A reason cited for more failures in the field than the data sheet would suggest is that customers may have more stringent test criteria than the manufacturer. One manufacturer reported that almost half of drives returned to them had no problem. However, the paper reports failure rates at least four times the data sheet rates, so that doesn't explain away the difference between data sheet and observed MTBF.

As an aside, I find it rather interesting that manufacturers of disks would simply accept that half of the returns are of non-defective drives. They're implying that their customers are stupid at least half the time. Perhaps they need to consider how they qualify a disk as being failed. People don't usually take down critical systems and do hardware maintenance on a whim. They had a good reason to suspect a drive failure.

Finally, I think the paper gives some hope that the we might see more studies based on real world observations. The authors of the paper were able to collect statistically significant data from a relatively small number of sites, due in part to the rise of large data centres with lots of hardware in them. As things like Software as a Service, large ISPs, etc. make centralized IT infrastructure more common, it may actually become easier to collect, analyze and publish real world observations about the performance of IT infrastructure. This would help manufacturers and IT managers alike.

Sunday, 22 April 2007

The Case for SAN Part II

When I did a total cost of ownership calculation for SAN-attached disk arrays during a recent assignment, the biggest factor in favour of SAN was the usage factor. With direct-attached disk on servers, you typically over-allocate the disk by a wide margin, because adding disk at a later time is a pain. With SAN-attached storage you can pop some more disks into the disk array and, depending on the operating system, you can increase the storage available in a relatively easy way.

Therefore if you manage your SAN-attached storage on a just-in-time basis, you can achieve perhaps 80 percent utilization of the disk, whereas in a typical group of servers using direct attached storage you might have 20 percent utilization. This four-t0-one price difference is significant.

Earlier I calculated that there's roughly a ten to one difference between consumer disk and the top-of-the-line SAN disk in at least one manufacturer's offerings. So a four-to-one price difference goes some way to fixing that, but not all the way. And to chip away further at the disk usage argument, a lot of the disks that contribute to the 20 percent utilization number are the system disks on small servers. These days you can't get much less the 72 GB on a system disk, and most servers need far, far less than that. My technical experts recommend that you don't boot from SAN, so you'll still have that low utilization rate even after installing a SAN.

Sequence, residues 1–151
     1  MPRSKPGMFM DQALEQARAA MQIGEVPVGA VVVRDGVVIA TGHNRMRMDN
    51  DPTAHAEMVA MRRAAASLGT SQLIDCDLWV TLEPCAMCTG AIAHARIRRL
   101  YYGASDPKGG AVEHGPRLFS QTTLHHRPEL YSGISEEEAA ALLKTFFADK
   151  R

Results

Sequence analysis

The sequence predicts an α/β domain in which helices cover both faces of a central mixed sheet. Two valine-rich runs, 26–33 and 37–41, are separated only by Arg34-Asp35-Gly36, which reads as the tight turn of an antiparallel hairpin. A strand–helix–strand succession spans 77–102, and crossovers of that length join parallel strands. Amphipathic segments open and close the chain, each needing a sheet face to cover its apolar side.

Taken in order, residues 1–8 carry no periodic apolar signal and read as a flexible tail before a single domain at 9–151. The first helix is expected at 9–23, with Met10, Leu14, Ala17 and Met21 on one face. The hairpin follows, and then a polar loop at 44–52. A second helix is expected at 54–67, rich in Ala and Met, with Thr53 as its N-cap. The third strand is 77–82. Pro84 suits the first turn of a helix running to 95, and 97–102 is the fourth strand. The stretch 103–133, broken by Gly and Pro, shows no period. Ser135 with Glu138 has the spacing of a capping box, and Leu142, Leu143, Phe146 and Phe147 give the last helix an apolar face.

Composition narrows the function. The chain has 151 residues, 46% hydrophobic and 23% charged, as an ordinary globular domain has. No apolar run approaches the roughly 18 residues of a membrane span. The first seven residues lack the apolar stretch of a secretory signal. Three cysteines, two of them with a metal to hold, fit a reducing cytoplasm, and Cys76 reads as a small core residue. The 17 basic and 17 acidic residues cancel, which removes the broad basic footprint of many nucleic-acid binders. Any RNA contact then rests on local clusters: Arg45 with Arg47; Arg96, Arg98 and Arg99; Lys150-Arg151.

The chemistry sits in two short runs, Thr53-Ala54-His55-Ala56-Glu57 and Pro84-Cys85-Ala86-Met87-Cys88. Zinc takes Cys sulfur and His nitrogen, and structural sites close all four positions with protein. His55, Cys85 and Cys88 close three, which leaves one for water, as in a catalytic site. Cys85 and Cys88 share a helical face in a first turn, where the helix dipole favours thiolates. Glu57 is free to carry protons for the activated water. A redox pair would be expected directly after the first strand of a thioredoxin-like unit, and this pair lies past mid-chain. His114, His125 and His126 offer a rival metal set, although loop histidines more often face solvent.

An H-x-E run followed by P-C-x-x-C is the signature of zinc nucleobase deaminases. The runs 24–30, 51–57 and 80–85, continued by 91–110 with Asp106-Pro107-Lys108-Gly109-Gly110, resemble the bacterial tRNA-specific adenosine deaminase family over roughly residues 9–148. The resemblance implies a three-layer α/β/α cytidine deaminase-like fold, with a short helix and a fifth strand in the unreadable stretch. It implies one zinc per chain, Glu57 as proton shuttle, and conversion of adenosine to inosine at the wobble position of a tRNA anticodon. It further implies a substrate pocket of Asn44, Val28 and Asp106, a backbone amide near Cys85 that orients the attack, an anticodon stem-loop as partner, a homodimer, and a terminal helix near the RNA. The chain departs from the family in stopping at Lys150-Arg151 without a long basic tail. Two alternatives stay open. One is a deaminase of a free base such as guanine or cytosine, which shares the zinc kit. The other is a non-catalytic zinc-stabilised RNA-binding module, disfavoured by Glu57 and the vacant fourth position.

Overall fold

I'm not making much of a case for SAN, am I?

Friday, 13 April 2007

Decision Making Without All the Facts

When I read my previous post, I got the feeling that I was saying you needed an objectively measurable financial benefit in order to justify using SAN-attached storage. All my experience in IT has shown that you make no progress if you wait for all the questions to be answered. So reading my post got me thinking, how do I decide when I have enough information to move forward?

That reminded me of another recent project I led, where we set up a VMWare farm, then over the course of half a year virtualized over 130 physical servers and created about 70 new virtual servers. With minimal research we had established that VMs were C$380 per month cheaper, based on hard, quantifiable data (floor space lease, power consumption, server lease, and server maintenance). That's a savings of C$76,000 per month.

On top of that, you have all the harder to quantify benefits that the VMWare sales reps will tell you about: faster deployment, higher availability, etc. The nice thing is, you don't need to count those up when you have such an obvious measurable benefit. If fact, even if we had discovered that server management effort had gone up, we could have got another server admin for almost a year (fully loaded cost) for what we saved in a month by virtualizing.

A lot of what we deal with in IT seems to lean in the other direction: The easy-to-count numbers actually argue against a new approach. The value has to be in the intangible benefits. What I'm exploring with the SAN storage case is how to deal with intangible value.